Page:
The Brazilian-American Chamber of Commerce of the Southeast continues to observe the recovery of the Brazilian economy. Based on the review of several authorities and sources cited at the end of this article, we’re optimistic that the economy is recovering sufficiently to warrant a close look at investment opportunities in the country. If you agree, we encourage you to seek advice from your financial advisor and accountant. Nothing herein is intended as financial advice.
Since Brazil has begun to recover from a lengthy recession that started in 2014, earnings opportunities in the Brazilian stock market have improved. Profits of Brazilian companies not only have continued to grow, but they are also returning to levels enjoyed prior to the recession, which has led to growth in ROE (return on equity), a common measure of corporate profitability.
The contribution of trade to the Gross Domestic Product (GDP) of Brazil is very small, indicating that it’s still a relatively closed economy and, therefore is less affected by the continuing tensions between China and the United States. In truth, it is thought that Brazil can benefit from this commercial tension, because its agricultural products, like soy, for example, are reaching record production levels. It’s anticipated that economic growth in 2020 will be driven by corporate investment and increased consumer spending. In the second quarter of 2018, those two areas (financial investment and consumption) represented approximately 18% and 64% of Brazil’s GDP. Brazilian GDP grew at 0.3% annually in real terms and reached $34,533 BRL (about $7,300 USD at current exchange rates) per capita in 2019.
Benefiting from an improved labor market and consumer confidence, together with increased consumer credit, it is expected that Brazil’s internal consumption will accelerate growth during the next two years. Since starting to emerge from the recession, the labor market in Brazil has not recovered at the same rate; the unemployment rate in the fourth quarter of last year was 11.8% and has since decreased to 11%. Salary growth also has remained stagnant, in part due to the increase of part-time, casual and unreported jobs.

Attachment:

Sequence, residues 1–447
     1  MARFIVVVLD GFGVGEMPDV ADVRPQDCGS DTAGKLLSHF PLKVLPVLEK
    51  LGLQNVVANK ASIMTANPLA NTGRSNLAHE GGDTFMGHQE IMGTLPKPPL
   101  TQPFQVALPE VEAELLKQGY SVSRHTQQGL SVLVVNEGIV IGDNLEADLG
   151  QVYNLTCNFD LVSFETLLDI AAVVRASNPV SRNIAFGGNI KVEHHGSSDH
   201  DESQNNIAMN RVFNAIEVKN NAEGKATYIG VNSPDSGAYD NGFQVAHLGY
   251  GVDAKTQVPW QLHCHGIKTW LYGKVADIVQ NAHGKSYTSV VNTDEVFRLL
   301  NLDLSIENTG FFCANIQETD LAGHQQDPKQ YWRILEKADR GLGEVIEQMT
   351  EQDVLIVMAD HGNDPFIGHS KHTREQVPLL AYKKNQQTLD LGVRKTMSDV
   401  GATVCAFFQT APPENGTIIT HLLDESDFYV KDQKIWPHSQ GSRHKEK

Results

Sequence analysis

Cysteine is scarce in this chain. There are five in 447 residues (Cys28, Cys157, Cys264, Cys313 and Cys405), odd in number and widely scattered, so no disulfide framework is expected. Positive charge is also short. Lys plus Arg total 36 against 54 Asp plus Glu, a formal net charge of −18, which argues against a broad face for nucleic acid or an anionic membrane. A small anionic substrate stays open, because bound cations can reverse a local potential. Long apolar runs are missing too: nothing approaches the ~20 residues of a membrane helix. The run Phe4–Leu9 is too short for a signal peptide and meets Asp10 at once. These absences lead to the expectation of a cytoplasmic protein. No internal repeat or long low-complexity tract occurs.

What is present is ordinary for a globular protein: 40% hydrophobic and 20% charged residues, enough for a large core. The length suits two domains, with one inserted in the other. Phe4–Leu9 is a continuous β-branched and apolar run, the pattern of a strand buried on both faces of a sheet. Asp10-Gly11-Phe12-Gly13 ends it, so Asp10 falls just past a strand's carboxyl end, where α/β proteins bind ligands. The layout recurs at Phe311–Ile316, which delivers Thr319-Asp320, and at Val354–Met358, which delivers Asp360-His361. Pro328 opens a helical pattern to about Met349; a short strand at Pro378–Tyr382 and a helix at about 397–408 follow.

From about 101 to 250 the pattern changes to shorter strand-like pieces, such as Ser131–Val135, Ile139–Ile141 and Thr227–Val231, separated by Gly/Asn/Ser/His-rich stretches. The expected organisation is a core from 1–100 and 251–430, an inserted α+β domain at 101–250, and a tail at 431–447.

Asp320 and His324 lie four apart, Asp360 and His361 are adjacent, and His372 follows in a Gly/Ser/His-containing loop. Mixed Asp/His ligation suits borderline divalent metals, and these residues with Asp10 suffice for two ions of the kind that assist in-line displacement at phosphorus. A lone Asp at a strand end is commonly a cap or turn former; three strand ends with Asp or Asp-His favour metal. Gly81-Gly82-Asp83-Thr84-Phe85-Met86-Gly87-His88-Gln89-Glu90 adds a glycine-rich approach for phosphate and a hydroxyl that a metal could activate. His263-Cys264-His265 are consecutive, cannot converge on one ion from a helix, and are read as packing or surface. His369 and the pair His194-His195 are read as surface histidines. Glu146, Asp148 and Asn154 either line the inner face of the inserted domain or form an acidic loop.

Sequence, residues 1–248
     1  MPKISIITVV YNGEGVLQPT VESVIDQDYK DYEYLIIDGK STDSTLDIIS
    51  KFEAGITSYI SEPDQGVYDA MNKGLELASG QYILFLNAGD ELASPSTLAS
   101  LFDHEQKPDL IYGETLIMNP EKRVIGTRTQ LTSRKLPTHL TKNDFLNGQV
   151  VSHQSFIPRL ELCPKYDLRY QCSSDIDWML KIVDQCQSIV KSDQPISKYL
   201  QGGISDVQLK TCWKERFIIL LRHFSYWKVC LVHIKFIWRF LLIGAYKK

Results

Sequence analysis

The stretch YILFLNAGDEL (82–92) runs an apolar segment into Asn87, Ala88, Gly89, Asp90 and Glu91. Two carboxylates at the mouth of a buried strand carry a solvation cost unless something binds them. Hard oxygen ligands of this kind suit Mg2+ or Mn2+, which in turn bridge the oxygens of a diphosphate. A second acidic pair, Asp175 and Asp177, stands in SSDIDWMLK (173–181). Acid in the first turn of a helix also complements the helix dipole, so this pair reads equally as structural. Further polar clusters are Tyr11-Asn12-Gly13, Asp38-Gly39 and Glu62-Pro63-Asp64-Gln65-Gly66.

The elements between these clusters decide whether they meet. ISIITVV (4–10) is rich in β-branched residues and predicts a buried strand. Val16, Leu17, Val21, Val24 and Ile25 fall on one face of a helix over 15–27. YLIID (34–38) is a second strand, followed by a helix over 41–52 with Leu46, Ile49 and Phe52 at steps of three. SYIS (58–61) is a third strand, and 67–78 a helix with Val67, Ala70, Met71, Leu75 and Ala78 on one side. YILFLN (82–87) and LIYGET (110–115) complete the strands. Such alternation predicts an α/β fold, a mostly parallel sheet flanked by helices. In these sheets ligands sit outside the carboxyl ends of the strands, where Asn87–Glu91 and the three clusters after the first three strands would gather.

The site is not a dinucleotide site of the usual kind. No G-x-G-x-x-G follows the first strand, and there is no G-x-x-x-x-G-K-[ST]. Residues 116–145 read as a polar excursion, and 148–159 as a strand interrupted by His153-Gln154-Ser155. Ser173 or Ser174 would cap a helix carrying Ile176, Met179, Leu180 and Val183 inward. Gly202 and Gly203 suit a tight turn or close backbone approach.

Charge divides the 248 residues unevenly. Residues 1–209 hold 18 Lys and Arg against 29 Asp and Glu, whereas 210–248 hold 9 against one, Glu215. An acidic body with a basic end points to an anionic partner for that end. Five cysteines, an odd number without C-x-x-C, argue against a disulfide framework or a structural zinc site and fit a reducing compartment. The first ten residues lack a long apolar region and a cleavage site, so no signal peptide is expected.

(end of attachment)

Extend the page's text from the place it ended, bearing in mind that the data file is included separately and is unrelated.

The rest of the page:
Also, since there are many workers who have exited the Brazilian labor market, there is a lot of room for economic expansion based on a readily available workforce. A labor market with solid salary growth and job opportunities is a necessary factor to augment purchasing power and consumption.
Consumer confidence in Brazil has increased since the 2019 presidential elections, which should bolster the improvement of the Brazilian labor market. Based on the current level of consumer credit, supported by relatively low-interest rates (4.25%), a recovery in consumption driven by easier credit policies is a logical expectation. Measuring the total formation of fixed capital for investment is another factor that may propel economic growth in Brazil. Also, the favorable low-interest-rate environment and growing business confidence by companies should augment investment.
In 2018, the Brazilian stock market rose 14.7%, while in 2019, it upped another 16.8%, and is predicted to rise by 9.6% in 2020. On this basis, it is hoped that the stock market will continue to furnish investors with an attractive return. In less than 4 years, the Brazilian stock market and the number of small investors has practically doubled in size. Low-interest rates and moderate inflation provide support to a stronger corporate profit level, so it is hoped that the rates will both stay relatively low in the next two years. The inflation rate in 2019 was 3.94% and is at 3.87% so far in 2020, while interest rates were above 6% for much of 2019 but are now headed towards 4.00% still in 2020. Corporate earnings of Brazilian companies are expected to grow significantly in 2020.
Financial advisors are particularly optimistic in relation to the industries that serve the internal Brazilian market, like Finance, Essential Goods and non-Essentials for industry and the consumer because they are less affected by external risks, such as interruptions in supply chains and decrease in global demand that can arise from a Chinese-American trade war. These industries are less dependent on commodities prices and are less subject to government interference than are a great number of Brazilian state companies.
The profit growth in stocks and the São Paulo Bovespa Market Index could indicate that there is room for additional growth in the Brazilian market in 2020. Based on these evaluations, it is believed that the Brazilian market is worth a close look again.